## Monday, September 2, 2013

### The donkey was me

Following up on yesterday's analysis...

I showed a series of graphs yesterday, and the only condition for my choice of data was that "the numbers [must be] up pretty high, not down near zero." The reason I imposed that condition was to make obvious the result I got in the fourth graph of the series -- to show that the incorrect sequence of operations magnifies the big number, making it ridiculously large and obviously an error.

It worked out well, for that series of graphs.

For today's post I thought I'd take Lars's spreadsheet, the one with my extra columns in it, and leave his calculations and mine untouched, but replace one of his data series with one that has the numbers up pretty high, not down near zero. I thought the result would show a similar ridiculous, obvious error. That's not what happened.

I used the same Capacity Utilization numbers as in yesterday'a graphs. But what with subtracting the average value and whatever else he does in his calc, both Lars's calc and my version put the "processed" Capacity Utilization numbers in about the same place our Market Indicator numbers were in yesterday's Graph #5. In the right place, or nearly so.

So here's the story, then: I am really pleased that I figured out the four-step sequence:
1. Subtract the series average from the Series A data.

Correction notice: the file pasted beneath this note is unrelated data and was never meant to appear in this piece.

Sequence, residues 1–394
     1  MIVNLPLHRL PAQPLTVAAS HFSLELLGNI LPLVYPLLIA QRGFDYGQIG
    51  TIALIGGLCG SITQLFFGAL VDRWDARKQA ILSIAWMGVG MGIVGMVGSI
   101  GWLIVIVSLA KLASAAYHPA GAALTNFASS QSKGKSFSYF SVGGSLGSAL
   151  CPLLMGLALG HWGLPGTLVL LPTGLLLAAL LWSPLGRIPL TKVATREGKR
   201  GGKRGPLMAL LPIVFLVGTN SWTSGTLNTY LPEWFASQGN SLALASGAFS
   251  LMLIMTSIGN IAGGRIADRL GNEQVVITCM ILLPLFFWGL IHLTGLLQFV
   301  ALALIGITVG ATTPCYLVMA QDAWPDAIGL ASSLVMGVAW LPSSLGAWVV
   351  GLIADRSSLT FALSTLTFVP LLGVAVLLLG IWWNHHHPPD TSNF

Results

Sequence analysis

2. Divide the resulting data by the Series A standard deviation.
3. Multiply the resulting data by the Series B standard deviation. And
4. To the resulting data add the Series B average.
I think this is a magnificently clever way to make two datasets visually comparable. And I have Lars to thank for it.

But that's all I got from his spreadsheet. Whatever else he did escapes me. Apparently it's not a mistake. It's just some complex calculation that I couldn't disentangle.

Jazzbumpa said...

Remember, Cap Ut is a series of always positive numbers. As it happens you can see a clear trend.

Lars is looking at YoY % Change. For any time series that is going to oscillate near 0. As such, it's already partially detrended. Subtracting the data set average completes the detrending. [Though I'm not sure how effective that would be if the YoY data set had a strong pos or neg bias. For some data sets you might need a rolling average of some duration.]

Dividing by the Std Dev normalizes the data into St Dev units. This does two things. It commonizes data sets with a) different spread tendencies, and b) different absolute magnitudes.

So it puts things on a common basis.